The $2,437 C4102SSV Trailmaster 4-inch lift we installed on our Chevy included four SSV shock absorbers, two-inch rear blocks with U-bolts, spindles, drop brackets and everything else required to complete the conversion. And it's just that-a conversion. When you put a lift on one of these trucks, it's not something that you can take off later on.

We don't want to give you a step-by-step guide to the installation process. That's what the instructions are for (and Trailmaster's instructions are as clear and easy to follow as it gets-they've done an amazing job at getting clear pictures of what goes where during installation). We just want to give you a heads up on a few things you might encounter along the way, give you an idea of what to expect and give you our impressions of the lift kit.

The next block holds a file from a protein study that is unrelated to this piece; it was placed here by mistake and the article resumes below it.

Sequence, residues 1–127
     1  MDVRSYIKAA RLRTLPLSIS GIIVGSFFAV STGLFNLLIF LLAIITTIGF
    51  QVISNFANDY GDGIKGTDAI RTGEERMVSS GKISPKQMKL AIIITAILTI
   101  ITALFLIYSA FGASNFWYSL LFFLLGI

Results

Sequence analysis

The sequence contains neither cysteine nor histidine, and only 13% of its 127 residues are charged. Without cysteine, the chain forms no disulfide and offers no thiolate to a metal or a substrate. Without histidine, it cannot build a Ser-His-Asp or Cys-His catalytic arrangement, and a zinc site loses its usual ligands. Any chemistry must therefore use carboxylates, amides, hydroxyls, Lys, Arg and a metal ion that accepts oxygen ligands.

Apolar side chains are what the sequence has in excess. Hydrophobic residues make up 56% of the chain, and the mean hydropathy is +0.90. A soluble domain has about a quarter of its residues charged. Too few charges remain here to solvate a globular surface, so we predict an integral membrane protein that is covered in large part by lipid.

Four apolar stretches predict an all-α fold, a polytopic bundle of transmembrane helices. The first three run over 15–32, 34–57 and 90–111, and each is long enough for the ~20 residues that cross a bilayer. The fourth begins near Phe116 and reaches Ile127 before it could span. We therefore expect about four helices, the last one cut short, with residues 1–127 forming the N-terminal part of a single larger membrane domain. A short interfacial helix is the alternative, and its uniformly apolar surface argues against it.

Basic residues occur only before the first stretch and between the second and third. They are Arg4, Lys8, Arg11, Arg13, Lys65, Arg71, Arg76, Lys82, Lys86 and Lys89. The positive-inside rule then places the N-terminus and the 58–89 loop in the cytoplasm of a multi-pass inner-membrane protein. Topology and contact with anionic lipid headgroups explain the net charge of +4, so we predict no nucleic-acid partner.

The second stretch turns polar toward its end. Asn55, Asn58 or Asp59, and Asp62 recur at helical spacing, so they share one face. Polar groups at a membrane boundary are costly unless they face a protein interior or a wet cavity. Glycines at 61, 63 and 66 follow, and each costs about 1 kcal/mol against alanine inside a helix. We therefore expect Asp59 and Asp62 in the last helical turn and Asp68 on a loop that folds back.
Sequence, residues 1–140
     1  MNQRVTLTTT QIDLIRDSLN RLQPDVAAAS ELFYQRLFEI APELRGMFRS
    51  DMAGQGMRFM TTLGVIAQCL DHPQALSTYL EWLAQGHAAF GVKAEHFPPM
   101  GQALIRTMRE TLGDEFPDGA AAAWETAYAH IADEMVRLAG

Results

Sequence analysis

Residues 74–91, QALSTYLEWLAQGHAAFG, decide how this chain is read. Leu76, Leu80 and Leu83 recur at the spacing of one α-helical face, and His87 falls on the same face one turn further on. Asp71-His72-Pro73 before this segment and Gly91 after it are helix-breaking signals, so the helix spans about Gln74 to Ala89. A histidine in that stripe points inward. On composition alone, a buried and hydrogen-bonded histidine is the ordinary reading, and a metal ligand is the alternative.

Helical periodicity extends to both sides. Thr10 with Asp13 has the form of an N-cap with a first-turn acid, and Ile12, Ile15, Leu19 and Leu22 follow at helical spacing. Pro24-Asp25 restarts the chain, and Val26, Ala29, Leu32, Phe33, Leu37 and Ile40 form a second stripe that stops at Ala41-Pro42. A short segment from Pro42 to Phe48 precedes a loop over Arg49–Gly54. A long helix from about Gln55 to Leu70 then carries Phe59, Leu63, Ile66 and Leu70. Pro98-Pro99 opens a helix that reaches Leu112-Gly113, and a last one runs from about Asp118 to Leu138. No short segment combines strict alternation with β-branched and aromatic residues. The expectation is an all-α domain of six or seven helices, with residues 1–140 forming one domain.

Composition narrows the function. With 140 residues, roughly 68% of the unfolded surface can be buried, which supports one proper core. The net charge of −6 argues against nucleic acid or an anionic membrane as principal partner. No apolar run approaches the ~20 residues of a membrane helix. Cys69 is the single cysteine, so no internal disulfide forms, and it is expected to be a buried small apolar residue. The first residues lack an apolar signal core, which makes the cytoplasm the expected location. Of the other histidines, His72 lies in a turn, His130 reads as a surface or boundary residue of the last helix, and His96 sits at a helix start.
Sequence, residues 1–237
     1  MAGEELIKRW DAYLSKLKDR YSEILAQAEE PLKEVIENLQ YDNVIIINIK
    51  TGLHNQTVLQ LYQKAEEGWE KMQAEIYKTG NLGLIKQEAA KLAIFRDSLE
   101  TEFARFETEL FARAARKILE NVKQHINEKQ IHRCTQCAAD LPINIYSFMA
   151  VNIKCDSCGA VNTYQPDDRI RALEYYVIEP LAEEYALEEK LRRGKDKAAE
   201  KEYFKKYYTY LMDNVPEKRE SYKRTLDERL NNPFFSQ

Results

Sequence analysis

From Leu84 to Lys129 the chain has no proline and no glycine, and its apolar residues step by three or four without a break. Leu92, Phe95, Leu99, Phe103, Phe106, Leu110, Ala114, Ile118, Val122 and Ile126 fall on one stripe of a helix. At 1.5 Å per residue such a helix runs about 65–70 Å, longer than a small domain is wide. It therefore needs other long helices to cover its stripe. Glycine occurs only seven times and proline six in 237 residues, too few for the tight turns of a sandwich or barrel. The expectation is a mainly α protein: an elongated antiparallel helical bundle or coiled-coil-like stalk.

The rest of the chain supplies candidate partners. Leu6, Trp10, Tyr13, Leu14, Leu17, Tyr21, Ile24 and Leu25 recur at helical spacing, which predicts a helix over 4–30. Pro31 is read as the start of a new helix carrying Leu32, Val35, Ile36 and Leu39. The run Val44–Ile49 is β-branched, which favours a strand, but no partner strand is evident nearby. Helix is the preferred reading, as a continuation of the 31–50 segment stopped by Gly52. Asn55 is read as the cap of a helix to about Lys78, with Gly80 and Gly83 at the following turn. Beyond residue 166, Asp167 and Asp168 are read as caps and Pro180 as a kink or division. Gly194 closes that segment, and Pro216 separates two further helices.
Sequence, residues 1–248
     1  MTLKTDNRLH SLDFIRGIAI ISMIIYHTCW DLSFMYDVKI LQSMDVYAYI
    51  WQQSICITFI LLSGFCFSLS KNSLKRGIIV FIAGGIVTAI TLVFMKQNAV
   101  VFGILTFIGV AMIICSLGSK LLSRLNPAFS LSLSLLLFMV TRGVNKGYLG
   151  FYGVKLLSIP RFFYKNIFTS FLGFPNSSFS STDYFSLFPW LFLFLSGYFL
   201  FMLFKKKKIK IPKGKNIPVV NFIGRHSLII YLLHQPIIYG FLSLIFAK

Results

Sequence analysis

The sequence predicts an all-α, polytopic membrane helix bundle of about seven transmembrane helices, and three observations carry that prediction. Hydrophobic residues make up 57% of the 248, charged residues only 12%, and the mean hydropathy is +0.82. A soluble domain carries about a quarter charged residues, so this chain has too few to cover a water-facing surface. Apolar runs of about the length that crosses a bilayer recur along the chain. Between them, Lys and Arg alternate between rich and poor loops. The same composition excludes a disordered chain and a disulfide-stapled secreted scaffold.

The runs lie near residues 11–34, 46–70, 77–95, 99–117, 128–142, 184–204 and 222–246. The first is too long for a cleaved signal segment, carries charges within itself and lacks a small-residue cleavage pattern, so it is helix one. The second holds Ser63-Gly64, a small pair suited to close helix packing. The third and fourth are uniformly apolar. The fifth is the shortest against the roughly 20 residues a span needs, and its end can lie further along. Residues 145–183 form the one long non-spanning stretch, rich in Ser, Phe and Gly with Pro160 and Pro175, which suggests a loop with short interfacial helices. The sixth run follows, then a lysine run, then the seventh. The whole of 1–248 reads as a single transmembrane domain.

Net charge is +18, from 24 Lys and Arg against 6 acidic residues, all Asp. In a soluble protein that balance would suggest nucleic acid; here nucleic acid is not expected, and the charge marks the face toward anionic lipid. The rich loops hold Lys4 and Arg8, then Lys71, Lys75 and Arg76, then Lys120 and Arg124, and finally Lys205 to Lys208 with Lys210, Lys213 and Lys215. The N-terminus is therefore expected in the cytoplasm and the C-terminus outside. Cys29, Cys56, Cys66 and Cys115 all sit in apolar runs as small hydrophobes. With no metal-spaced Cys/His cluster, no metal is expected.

A lift installation is something we recommend you have done by a professional shop, although it can be done by a capable shade tree mechanic with the right tools.

Before you begin tearing things apart, you should measure the height of the truck at all four wheel wells. This will give you an idea of how much height you gained and help you adjust the torsion bars properly later on. Make this measurement by measuring from the center of the axle to the bottom of the fender lip.

Twist it: Adding a few inches of suspension travel does wonders for keeping all four tires on the ground on ugly terrain. The Trailmaster 4-inch lift has handled everything we've thrown at it, from sled pull competitions to off-road weekend joyrides.

We like the clean factory look of the Trailmaster suspension. It lacks that "look at what I spent lots of money on" look to it, which is a good thing. Everything in the kit was built to high-quality specs, making the installation process a clean one.